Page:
Court statements from Brock Turner‘s father and the woman he was convicted of sexually assaulting have stirred up criticism over the length of Turner’s jail sentence and the status of sexual assault within public conversation.
Turner is a former Stanford swimmer who was convicted of three felony sexual assault charges this spring. Last Friday, the 20-year-old Turner was sentenced to 6 months in county jail along with probation. He will also have to register as a sex offender for the rest of his life.
Since the sentencing, court statements from both his father and his victim have been published over a wide range of media outlets, setting off a firestorm of criticism over the sentence and conversation about the issue of sexual assault.
The victim – whose name has been kept anonymous during the proceedings – gave a 12-page victim statement recounting her experience and speaking directly to Turner, who she feels “has failed to exhibit sincere remorse or responsibility for his conduct.”
The 23-year-old victim, known as “Emily Doe” in the proceedings, provided her full statement to BuzzFeed News last Friday.
You can read the full statement here. We’ve republished a short excerpt below:
I was not ready to tell my boyfriend or parents that actually, I may have been raped behind a dumpster, but I don’t know by who or when or how. If I told them, I would see the fear on their faces, and mine would multiply by tenfold, so instead I pretended the whole thing wasn’t real.
I tried to push it out of my mind, but it was so heavy I didn’t talk, I didn’t eat, I didn’t sleep, I didn’t interact with anyone. After work, I would drive to a secluded place to scream. I didn’t talk, I didn’t eat, I didn’t sleep, I didn’t interact with anyone, and I became isolated from the ones I loved most. For one week after the incident, I didn’t get any calls or updates about that night or what happened to me. The only symbol that proved that it hadn’t just been a bad dream, was the sweatshirt from the hospital in my drawer.
Instead of taking time to heal, I was taking time to recall the night in excruciating detail, in order to prepare for the attorney’s questions that would be invasive, aggressive, and designed to steer me off course, to contradict myself, my sister, phrased in ways to manipulate my answers. Instead of his attorney saying, Did you notice any abrasions? He said, You didn’t notice any abrasions, right? This was a game of strategy, as if I could be tricked out of my own worth. The sexual assault had been so clear, but instead, here I was at the trial, answering question like:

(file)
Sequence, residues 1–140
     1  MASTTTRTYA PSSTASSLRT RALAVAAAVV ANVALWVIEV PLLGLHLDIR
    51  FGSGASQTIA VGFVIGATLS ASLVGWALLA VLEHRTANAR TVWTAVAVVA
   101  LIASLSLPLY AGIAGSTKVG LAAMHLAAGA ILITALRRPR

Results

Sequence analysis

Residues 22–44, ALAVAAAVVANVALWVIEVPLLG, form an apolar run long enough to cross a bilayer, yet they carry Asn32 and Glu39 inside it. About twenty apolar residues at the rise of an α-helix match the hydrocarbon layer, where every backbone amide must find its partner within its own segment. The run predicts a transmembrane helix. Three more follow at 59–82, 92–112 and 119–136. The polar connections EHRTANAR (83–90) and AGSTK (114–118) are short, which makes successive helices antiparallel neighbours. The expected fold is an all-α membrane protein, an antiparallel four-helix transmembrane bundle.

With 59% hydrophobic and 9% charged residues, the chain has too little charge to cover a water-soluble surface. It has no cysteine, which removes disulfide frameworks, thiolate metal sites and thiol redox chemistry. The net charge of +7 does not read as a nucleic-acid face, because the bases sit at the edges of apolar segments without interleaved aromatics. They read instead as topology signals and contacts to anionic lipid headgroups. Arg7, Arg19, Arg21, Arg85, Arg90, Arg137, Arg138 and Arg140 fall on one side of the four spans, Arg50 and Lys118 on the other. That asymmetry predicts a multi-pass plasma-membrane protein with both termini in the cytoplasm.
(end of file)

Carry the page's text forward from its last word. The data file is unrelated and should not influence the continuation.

How old are you? How much do you weigh? What did you eat that day? Well what did you have for dinner? Who made dinner? Did you drink with dinner? No, not even water? When did you drink? How much did you drink? What container did you drink out of? Who gave you the drink? How much do you usually drink? Who dropped you off at this party? At what time? But where exactly? What were you wearing? Why were you going to this party? What’ d you do when you got there? Are you sure you did that? But what time did you do that? What does this text mean? Who were you texting? When did you urinate? Where did you urinate? With whom did you urinate outside? Was your phone on silent when your sister called? Do you remember silencing it? Really because on page 53 I’d like to point out that you said it was set to ring. Did you drink in college? You said you were a party animal? How many times did you black out? Did you party at frats? Are you serious with your boyfriend? Are you sexually active with him? When did you start dating? Would you ever cheat? Do you have a history of cheating? What do you mean when you said you wanted to reward him? Do you remember what time you woke up? Were you wearing your cardigan? What color was your cardigan? Do you remember any more from that night? No? Okay, we’ll let Brock fill it in.
Then over the weekend, media outlets began reporting on a statement made by Dan Turner, Brock Turner‘s father. A photo of an excerpt of Dan Turner’s statement appeared on the Twitter profile of Michele Dauber, who is a Stanford law professor according to The Guardian‘s report on the statement.
#brockturner father: son not "violent" only got "20 mins of action" shouldn't have to go to prison. @thehuntinground pic.twitter.com/IFECJs687b
— Michele Dauber (@mldauber) June 5, 2016
As of now, we’ve been unable to find either full-length statement in court records, but we’ll continue to search and update the story if we discover more information.
UPDATE: The Huffington Post has published Dan Turner’s full letter. You can view it here.
The statement drew criticism from many social media contributors, many of whom condemned the statement’s tone and the phrase “20 minutes of action.” The Guardian reports further on the social media uproar here.
UPDATE: Dan Turner responded to the criticism of his letter in a statement to The Huffington Post. His statement is published in full below:
“My words have been misinterpreted by people,” he said in a statement to The Huffington Post, submitted through his son’s defense attorney. “What I meant with that comment is a 20 minute period of time. I was not referring to sexual activity by the word ‘action.’ It was an unfortunate choice of words and I did not mean to be disrespectful or offensive to anyone.”
The BBC compiled a number of critical tweets, and reports that a petition has been circulated to recall the sentencing judge for what some feel is a “lenient sentence.”
Brock Turner could have faced up to 10 years in prison, but the prosecution pushed for 6 years in a California state prison. Judge Aaron Persky said a harsh prison sentence would have “a severe impact” on Turner, according to the BBC, and he sentenced Turner to just 6 months, taking into account Turner’s lack of a prior criminal record and Turner’s remorse for his actions.